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Kohei Takatama and Niklas Schneider

Abstract

The effect of ocean current drag on the atmosphere is of interest as a test case for the role of back pressure, because the response is independent of the thermally induced modulation of the boundary layer stability and hydrostatic pressure. The authors use a regional atmospheric model to investigate the impact of drag induced by the Kuroshio in the East China Sea on the overlying winter atmosphere. Ocean currents dominate the wind stress curl compared to the impacts of sea surface temperature (SST) fronts. Wind stress convergences and divergences are weakly enhanced even though the ocean current is almost geostrophic. These modifications change the linear relationships (coupling coefficients) between the wind stress curl/divergence and the SST Laplacian, crosswind, and downwind gradients. Clear signatures of the ocean current impacts are found beyond the sea surface: sea surface pressure (back pressure) decreases near the current axis, and precipitation increases over the downwind region. However, these responses are very small despite strong Ekman pumping due to the current. A linear reduced gravity model is used to explain the boundary layer dynamics. The linear vorticity equation shows that the oceanic influence on wind stress curl is balanced by horizontal advection decoupling the boundary layer from the interior atmosphere. Spectral transfer functions are used to explain the general response of back pressure to geostrophic ocean currents and sea surface height.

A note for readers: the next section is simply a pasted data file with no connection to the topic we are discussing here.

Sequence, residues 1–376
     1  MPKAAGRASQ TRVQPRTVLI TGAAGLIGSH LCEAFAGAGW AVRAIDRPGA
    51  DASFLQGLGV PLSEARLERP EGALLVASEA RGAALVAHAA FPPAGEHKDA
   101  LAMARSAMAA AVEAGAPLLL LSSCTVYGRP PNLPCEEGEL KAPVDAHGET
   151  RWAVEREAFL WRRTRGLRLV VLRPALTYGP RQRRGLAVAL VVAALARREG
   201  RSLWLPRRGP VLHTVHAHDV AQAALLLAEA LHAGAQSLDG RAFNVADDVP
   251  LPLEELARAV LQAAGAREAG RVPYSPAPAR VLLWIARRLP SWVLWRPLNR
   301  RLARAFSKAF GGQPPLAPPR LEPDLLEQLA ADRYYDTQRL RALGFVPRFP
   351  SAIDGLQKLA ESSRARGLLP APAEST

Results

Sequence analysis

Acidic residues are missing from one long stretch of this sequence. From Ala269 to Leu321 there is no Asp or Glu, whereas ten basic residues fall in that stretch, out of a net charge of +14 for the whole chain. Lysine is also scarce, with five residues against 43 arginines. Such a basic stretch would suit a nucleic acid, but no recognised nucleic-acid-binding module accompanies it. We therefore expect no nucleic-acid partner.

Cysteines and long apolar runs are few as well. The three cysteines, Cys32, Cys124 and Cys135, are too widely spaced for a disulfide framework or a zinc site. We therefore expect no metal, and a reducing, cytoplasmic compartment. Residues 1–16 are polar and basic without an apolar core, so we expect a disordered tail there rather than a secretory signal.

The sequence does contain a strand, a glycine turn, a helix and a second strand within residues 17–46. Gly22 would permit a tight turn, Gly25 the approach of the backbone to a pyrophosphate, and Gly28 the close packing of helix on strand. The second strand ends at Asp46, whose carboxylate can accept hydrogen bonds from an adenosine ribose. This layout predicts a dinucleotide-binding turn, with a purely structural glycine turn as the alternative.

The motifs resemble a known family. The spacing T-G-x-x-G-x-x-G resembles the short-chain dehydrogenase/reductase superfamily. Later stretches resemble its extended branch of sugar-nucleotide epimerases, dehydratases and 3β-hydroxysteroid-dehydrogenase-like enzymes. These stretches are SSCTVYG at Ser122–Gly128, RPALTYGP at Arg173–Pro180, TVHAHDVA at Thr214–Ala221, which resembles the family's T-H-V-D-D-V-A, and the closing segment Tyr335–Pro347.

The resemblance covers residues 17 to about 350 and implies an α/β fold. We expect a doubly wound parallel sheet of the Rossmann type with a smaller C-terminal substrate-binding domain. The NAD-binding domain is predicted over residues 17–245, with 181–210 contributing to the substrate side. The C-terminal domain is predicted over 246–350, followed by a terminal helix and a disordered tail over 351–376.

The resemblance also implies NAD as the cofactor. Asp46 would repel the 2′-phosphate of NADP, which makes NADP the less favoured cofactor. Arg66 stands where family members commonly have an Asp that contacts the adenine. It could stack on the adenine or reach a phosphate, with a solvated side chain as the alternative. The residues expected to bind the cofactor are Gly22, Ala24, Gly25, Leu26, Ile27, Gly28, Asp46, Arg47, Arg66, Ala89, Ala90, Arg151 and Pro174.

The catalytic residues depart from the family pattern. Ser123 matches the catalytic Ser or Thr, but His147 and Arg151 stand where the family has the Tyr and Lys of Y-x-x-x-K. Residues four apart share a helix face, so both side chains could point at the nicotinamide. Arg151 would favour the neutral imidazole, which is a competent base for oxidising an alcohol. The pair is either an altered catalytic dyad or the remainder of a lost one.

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Niklas Schneider and Bo Qiu

Abstract

The response of the atmospheric boundary layer to fronts of sea surface temperature (SST) is characterized by correlations between wind stress divergence and the downwind component of the SST gradient and between the wind stress curl and the crosswind component of the SST gradient. The associated regression (or coupling) coefficients for the wind stress divergence are consistently larger than those for the wind stress curl. To explore the underlying physics, the authors introduce a linearized model of the atmospheric boundary layer response to SST-induced modulations of boundary layer hydrostatic pressure and vertical mixing in the presence of advection by a background Ekman spiral. Model solutions are a strong function of the SST scale and background advection and recover observed characteristics. The coupling coefficients for wind stress divergence and curl are governed by distinct physics. Wind stress divergence results from either large-scale winds crossing the front or from a thermally direct, cross-frontal circulation. Wind stress curl, expected to be largest when winds are parallel to SST fronts, is reduced through geostrophic spindown and thereby yields weaker coupling coefficients.